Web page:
Air Canada is laying off more than 5,000 flight attendants. (Photo by THE ASSOCIATED PRESS)

Thousands laid off as airlines struggle with COVID-19 cancellations, travel bans

Some airlines say they will hire back workers after the crisis subsides

Air Canada is laying off more than 5,000 flight attendants as the country’s largest airline cuts routes amid plunging demand.

The Montreal-based carrier is laying off about 3,600 employees, plus 1,549 flight attendants at its low-cost subsidiary Rouge, according to Wesley Lesosky, head of the Air Canada component of the Canadian Union of Public Employees. However, Air Canada has a $7.3-billion cushion to fall back on — more than the most profitable U.S. carrier, Delta Air Lines.

The layoffs will take effect by April and affect roughly 60% of flight attendants. Air Canada says it will suspend most of its international and U.S. flights by March 31.The carrier says employees will be returned to active duty status once flights resume.

Transat AT Inc. says it has temporarily laid off about 70 per cent of its workforce in Canada, about 3,600 people.

Some of these layoffs are effective immediately, while others will take effect following advance notice of up to one month. The layoffs include all flight crew personnel.

WestJet Airlines Ltd. has halved its domestic capacity and cancelled all overseas and U.S. routes for 30 days. The carrier is shielded from stock market judgment after Onex Corp. acquired it in December and the company was delisted from the Toronto Stock Exchange.

Airbus is cancelling a planned dividend payment and lining up 15 billion euros ($16 billion) in new credit to give the European aircraft giant more cash to weather the crisis. Airbus The plane maker is withdrawing the proposed 2019 dividend payment of 1.8 euros ($1.9) per share will save the company 1.4 billion euros ($1.5 billion). Airbus is also making pension savings and says it has significant liquidity to cope with the crisis. It had shut several plants last week to adapt them to safer health conditions.

READ MORE: North American stock markets start the trading week down, loonie falls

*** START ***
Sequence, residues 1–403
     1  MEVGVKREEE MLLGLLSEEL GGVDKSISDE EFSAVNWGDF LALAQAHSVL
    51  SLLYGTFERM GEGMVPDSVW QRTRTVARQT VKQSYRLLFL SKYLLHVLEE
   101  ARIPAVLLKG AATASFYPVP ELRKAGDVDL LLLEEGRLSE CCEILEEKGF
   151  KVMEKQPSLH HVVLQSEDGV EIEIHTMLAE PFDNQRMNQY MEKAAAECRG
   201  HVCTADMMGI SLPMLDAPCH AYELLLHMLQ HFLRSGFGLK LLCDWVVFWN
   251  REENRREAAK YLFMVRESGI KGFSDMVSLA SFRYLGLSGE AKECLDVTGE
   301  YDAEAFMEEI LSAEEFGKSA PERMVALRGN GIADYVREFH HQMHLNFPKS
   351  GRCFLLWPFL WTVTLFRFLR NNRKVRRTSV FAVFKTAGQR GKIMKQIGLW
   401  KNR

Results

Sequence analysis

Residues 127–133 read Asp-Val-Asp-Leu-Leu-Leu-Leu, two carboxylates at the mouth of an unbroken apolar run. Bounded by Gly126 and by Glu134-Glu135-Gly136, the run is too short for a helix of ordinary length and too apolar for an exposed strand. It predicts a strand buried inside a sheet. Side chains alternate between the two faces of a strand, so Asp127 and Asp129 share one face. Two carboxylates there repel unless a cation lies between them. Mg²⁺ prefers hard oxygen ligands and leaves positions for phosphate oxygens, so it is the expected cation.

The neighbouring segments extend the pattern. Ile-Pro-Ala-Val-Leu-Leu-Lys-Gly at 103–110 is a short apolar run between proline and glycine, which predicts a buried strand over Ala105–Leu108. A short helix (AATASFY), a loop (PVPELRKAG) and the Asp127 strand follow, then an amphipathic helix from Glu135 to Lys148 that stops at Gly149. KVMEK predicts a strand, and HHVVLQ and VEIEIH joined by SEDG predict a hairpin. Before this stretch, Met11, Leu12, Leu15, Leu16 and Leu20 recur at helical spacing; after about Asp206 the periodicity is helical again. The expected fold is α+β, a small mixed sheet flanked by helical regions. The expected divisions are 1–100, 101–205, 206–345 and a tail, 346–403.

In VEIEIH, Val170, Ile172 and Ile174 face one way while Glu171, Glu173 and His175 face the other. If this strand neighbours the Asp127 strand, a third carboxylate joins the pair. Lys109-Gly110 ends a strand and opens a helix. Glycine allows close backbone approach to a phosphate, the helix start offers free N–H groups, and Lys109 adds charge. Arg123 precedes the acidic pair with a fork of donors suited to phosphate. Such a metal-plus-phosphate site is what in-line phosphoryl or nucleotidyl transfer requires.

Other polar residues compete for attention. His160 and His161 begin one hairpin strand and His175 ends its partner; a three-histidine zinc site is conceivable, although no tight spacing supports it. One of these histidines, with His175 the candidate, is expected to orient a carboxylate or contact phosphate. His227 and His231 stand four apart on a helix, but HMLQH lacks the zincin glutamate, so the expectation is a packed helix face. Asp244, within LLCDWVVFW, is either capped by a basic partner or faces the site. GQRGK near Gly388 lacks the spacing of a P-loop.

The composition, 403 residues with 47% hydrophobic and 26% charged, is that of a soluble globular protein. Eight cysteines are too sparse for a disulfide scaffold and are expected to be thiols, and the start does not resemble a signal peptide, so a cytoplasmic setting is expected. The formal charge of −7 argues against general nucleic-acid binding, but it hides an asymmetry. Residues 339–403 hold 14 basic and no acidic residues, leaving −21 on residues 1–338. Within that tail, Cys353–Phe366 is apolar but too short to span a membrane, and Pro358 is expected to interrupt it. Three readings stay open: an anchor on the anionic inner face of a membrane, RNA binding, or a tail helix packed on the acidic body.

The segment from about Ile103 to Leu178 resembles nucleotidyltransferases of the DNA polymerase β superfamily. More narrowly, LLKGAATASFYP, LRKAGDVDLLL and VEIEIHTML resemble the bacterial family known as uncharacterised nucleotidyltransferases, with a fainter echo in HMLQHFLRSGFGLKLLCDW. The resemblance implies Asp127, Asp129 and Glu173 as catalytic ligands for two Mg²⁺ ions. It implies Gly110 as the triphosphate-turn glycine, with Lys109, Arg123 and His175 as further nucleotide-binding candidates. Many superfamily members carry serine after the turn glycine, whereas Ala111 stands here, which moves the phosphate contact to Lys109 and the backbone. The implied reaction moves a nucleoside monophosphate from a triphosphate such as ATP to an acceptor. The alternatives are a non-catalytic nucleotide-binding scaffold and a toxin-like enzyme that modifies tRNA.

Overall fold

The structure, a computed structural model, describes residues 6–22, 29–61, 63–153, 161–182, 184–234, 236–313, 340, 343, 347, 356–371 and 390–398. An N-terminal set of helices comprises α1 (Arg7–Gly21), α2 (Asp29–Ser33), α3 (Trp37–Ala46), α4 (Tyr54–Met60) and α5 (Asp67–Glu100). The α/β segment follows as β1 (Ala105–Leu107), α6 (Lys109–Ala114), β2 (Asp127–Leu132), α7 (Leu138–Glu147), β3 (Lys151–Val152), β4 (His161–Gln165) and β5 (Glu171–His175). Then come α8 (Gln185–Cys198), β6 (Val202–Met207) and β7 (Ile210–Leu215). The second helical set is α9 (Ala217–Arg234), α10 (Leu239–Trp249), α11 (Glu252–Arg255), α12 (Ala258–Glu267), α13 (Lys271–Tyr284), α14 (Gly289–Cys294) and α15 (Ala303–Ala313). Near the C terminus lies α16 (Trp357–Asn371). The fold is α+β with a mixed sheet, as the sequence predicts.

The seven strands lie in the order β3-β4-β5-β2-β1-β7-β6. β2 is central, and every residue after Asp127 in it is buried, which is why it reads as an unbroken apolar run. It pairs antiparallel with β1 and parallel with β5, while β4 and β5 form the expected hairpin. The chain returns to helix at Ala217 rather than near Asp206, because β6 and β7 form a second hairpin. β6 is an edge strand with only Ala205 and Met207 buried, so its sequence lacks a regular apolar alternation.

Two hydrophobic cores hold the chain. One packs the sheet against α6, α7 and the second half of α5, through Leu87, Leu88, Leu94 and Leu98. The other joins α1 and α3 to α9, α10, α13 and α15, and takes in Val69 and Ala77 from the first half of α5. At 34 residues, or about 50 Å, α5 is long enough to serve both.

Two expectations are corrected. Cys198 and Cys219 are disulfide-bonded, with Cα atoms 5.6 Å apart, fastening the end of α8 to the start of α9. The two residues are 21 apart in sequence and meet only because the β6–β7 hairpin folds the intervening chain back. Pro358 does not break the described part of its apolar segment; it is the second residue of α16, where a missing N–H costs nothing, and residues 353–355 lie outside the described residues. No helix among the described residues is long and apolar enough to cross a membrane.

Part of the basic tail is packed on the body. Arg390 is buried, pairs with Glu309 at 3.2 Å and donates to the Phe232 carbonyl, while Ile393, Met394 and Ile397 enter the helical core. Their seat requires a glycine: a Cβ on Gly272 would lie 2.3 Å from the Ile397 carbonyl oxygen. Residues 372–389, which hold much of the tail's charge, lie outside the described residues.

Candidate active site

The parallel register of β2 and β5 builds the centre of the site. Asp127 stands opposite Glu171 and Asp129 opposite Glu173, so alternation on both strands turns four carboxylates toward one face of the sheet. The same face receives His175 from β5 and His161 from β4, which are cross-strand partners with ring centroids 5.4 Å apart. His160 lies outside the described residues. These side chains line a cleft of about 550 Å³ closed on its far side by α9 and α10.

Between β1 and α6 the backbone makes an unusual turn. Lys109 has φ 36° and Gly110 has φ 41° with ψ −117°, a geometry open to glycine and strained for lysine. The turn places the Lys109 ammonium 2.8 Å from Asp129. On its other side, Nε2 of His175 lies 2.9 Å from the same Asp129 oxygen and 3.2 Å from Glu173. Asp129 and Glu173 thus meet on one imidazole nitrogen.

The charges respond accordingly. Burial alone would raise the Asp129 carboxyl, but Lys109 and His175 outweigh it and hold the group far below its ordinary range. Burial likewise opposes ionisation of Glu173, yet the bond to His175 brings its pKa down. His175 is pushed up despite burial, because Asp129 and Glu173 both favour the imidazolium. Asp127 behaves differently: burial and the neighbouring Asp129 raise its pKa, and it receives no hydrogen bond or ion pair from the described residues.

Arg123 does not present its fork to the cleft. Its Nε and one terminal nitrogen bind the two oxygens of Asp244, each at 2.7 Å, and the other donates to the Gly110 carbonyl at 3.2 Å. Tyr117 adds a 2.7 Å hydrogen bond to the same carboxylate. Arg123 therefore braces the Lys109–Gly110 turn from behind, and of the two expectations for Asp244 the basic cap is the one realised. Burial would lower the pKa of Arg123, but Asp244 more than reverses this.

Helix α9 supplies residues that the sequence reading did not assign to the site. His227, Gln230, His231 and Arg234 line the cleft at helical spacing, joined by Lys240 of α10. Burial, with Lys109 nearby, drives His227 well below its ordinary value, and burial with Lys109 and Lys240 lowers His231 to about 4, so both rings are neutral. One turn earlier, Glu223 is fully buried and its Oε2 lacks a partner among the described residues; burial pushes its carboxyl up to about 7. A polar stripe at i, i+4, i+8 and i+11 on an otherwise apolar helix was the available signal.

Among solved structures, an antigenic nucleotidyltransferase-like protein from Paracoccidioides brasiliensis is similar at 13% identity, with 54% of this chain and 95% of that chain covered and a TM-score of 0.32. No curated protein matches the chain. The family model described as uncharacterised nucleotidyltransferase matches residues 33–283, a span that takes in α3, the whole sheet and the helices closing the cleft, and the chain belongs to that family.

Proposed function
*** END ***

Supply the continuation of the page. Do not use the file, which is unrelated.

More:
READ MORE: Feds launch ad campaign urging social distancing, hygiene during COVID-19 crisis


Like us on Facebook and follow us on Twitter.

Air TravelCoronavirus

Just Posted

Hospital’s Chief of Staff asks for vigilance

Doctor stresses vigilance and compliance to guidelines to mitigate future surge in COVID-19 cases

Alone together

How local families are coping during COVID-19

Checking in

Pioneer staff hope you’re doing okay. Here’s a message from the editor.

Invermere campus shares medical supplies

Invermere College of the Rockies campus shares supplies with healthcare workers

Q&A: Interior Health CEO answers questions on COVID-19 response

Susan Brown, president and CEO of Interior Health, answers questions regarding COVID-19

‘We will get through this’: B.C. sees new COVID-19 death, but 57% have recovered

A total of 1,066 people have tested positive for the novel coronavirus

Association launches French-language games, online tools for families learning at home

Games, culture and vocabulary included in new virtual resources

‘There can be no ambiguity’: Travellers brought home to B.C. must self-isolate

Health Minister Adrian Dix said the mandatory isolation must be abided by

Interior Health confirms five additional cases in Okanagan COVID-19 outbreak

The total amount of confirmed cases at Bylands Nurseries Ltd. is 19; no further cases expected

55+ BC Games cancelled amid COVID-19 concerns

Greater Victoria set to host 2021 event

ANKORS East Kootenay details concerns surrounding harm reduction amid COVID-19

Harm reduction providers are having to keep up with rapidly changing situation

BC Hydro offers three-month bill ‘holiday’ for those affected by COVID-19

Industrial customers can defer half of their power bills

Some April Fool’s Day jokes bring much-needed laughter; others tone deaf to COVID-19

Police are warning the public not to use the ongoing pandemic as a punchline

Canada’s 75% wage subsidy is coming, but not for several weeks: finance minister

Subsidy will cost Canada $71 billion, but push down cost of emergency benefit, Morneau said

Most Read